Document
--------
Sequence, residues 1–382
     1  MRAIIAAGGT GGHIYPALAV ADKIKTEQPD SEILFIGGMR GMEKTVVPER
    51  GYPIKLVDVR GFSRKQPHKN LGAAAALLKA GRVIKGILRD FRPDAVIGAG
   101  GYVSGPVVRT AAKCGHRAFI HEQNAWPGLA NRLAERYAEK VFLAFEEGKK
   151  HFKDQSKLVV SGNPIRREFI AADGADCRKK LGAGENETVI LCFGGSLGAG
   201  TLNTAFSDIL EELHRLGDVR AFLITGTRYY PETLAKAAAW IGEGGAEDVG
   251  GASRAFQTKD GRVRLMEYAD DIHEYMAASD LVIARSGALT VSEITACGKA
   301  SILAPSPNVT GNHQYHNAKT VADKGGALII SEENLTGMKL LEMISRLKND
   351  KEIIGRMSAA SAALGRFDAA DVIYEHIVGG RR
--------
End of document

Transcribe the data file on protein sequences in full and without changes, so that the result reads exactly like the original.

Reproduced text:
Sequence, residues 1–382
     1  MRAIIAAGGT GGHIYPALAV ADKIKTEQPD SEILFIGGMR GMEKTVVPER
    51  GYPIKLVDVR GFSRKQPHKN LGAAAALLKA GRVIKGILRD FRPDAVIGAG
   101  GYVSGPVVRT AAKCGHRAFI HEQNAWPGLA NRLAERYAEK VFLAFEEGKK
   151  HFKDQSKLVV SGNPIRREFI AADGADCRKK LGAGENETVI LCFGGSLGAG
   201  TLNTAFSDIL EELHRLGDVR AFLITGTRYY PETLAKAAAW IGEGGAEDVG
   251  GASRAFQTKD GRVRLMEYAD DIHEYMAASD LVIARSGALT VSEITACGKA
   301  SILAPSPNVT GNHQYHNAKT VADKGGALII SEENLTGMKL LEMISRLKND
   351  KEIIGRMSAA SAALGRFDAA DVIYEHIVGG RR